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Peter Perrett – Humanworld

Peter Perrett has fulfilled quite the comeback story. Perrett was once the frontman of The Only Ones, a power-pop and new wave band best known for their 1978 hit “Another Girl, Another Planet”. But since their dissolution in the 1980s, he has faded into relative obscurity. Peter Perrett had succumbed to a crippling drug addiction that stalled his creativity for decades. But over time Perrett gained his sobriety, leading to a surprising solo album in 2017, a great success at the age of 65. His second solo effort, Humanworld, continues his introspective and human songwriting, honestly laying out his experiences with charming wit. Humanworld is equal parts muscular and emotive, a piece of art that fully engages Perrett’s newfound freedom.

Peter Perrett has a uniquely disinterested, sneering voice. This is demonstrated on the creeping intro track “I Want Your Dream”. Backed by jagged guitars and eerie synths, Perrett does his best to channel Nick Cave with a heightened sense of psychedelia. The track becomes more densely textured as it reaches its rousing conclusion. Perrett’s singing is complemented by some lovely female vocals. “Once Is Enough” sees Perrett exploring more territories of goth and post-punk. The seething side of Perrett’s voice is more tapped into here, while echoing keys and sinister guitars swell around him.

“Heavenly Day” is a sobering ballad. Twinkling guitars juxtapose Perrett’s downtrodden and unpolished voice. While still injecting ample amounts of heart into his performance, he sheds light on a true literary knack in his writing. With a wealth of detail, he is able to put the listener into a specific space and time; “The sun was incessant, not a cloud in the sky, the milky white skin on your glistening thighs.”

“Love Comes On Silent Feet” is unfortunately one of the more forgettable tunes on a record mostly consisting of solidly executed material. Twisted guitar leads carry this rolling garage rock number. The distorted instruments have a shoegaze nature to them not too unfamiliar with fans of Ride’s Going Blank Again (1992).

The impressionistic “The Power Is In You” opens up with some string pageantry. “The bells were ringing out for freedom,” Perrett exclaims with an endearing, melancholic delivery. With its more upbeat power pop runs, this tune is the more reminiscent of The Only Ones’ golden era. “Believe in Nothing” features a fist-pumping power chord skeleton giving a foundation to slinky strings and some grooving slide bass. Its dark strut is pushed forward with intense echoed guitars that give it its moving quality. It’s the best-textured song on the album. Perrett is indifferent and cynical. With a venom in his voice, he delivers the morose line “I’m going to sleep on a bed of nails, never to wake up.”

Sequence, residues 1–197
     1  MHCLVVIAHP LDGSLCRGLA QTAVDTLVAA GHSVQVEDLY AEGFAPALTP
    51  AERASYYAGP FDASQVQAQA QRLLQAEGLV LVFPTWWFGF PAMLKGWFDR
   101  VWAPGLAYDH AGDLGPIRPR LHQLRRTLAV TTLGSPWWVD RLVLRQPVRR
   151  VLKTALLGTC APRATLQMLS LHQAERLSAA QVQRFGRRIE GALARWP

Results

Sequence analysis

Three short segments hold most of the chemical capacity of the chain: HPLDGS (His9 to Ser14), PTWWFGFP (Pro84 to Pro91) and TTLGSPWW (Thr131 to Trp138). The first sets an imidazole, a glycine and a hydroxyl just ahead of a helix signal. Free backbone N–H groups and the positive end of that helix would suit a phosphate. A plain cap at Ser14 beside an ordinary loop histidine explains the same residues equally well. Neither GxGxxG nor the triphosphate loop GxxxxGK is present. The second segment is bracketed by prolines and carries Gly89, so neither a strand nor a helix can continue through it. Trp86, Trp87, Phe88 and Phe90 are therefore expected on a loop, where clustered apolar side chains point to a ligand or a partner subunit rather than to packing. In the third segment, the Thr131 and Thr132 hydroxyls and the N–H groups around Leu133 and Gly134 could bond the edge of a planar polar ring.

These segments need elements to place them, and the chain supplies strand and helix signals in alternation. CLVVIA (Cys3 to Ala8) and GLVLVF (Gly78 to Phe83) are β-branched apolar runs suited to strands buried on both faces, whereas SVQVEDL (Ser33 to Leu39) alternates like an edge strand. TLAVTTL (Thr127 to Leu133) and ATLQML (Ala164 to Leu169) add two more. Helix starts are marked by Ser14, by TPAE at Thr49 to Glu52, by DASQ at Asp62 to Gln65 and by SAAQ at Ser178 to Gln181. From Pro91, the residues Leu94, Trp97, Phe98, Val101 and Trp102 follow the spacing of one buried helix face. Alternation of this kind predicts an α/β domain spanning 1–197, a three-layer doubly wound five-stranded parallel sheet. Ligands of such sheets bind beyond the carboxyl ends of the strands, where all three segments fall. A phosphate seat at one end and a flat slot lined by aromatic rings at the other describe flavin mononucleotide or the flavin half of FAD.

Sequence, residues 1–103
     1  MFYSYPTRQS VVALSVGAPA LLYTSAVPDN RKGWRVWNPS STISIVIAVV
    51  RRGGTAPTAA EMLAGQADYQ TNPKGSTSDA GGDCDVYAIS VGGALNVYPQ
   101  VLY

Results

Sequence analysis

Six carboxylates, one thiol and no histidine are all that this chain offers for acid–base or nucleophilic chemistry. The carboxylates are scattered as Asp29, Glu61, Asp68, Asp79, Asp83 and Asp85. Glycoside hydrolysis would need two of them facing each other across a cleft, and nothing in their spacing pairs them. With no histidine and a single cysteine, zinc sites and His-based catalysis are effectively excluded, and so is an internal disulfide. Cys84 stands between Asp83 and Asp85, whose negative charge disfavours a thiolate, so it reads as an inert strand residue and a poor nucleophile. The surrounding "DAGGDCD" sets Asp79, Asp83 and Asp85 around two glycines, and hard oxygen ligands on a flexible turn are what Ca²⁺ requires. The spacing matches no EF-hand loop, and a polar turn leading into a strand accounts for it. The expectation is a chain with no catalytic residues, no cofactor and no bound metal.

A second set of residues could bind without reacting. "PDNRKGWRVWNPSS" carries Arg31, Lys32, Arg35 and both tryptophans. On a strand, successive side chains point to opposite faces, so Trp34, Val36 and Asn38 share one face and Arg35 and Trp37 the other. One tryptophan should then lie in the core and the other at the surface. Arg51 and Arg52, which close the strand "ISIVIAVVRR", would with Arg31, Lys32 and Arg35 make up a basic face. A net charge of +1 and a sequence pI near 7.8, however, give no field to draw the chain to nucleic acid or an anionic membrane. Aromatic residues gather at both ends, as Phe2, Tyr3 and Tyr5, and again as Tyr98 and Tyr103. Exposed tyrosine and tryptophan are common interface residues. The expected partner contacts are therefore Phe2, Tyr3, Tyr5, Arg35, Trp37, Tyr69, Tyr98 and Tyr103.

“War Plan Red” is Perrett at his most overtly political; “Stars and stripes and swastikas filled Madison Square Garden.” He is ferociously fed up with the far right movements threatening society. But instead of shouting his anger, he speaks plainly, coming across as a defeated observer of the disintegration all around him. “48 Crash” has a nostalgic Brit pop quality to it much in the style of The Verve. The grandiose choruses enchant much like the most rousing Oasis anthems.

“Walking In Berlin” channels glam era Lou Reed. Female vocals help produce some haunted harmonies. While the lyrics, much like the majority of this album, are very dark, the sunny instrumental arrangement might fool a listener not giving a full ear. “Love’s Inferno” finds Perrett showcasing some clear influences from both The Who and Tom Waits, with his gruff voice and swaying guitar. It’s a passionate ode to unrequited affection.

The last two tracks seem to run together as a cohesive pair – “Master Of Destruction” being the angered sendoff, whereas “Carousel” is a more inward and self-reflective companion. “You specialise in breaking hearts,” Perrett pleads on “Master Of Destruction”, “…don’t know why I keep returning.” It’s one of the more expressive and fun performances on the record. On the concluding “Carousel”, Perrett looks more towards himself, giving himself space from the breakup to understand his own faults. Light keys and guitar pepper the stripped-back tune. With an endearing crack in his voice, Perrett tearfully ponders the entropy of love.

Peter Perrett’s comeback is remarkable to watch. Rarely does a once revered artist return for a solo project – decades later – with this much conviction. He is no longer writing carefree, sing-a-long punk tunes. These are carefully orchestrated dirges evoking various emotions and feeling. He has experienced a lot of ups and downs in the past handful of decades, and his beautifully poetic lyrics do them justice.

Humanworld is released Friday 7th June via Domino Recording Company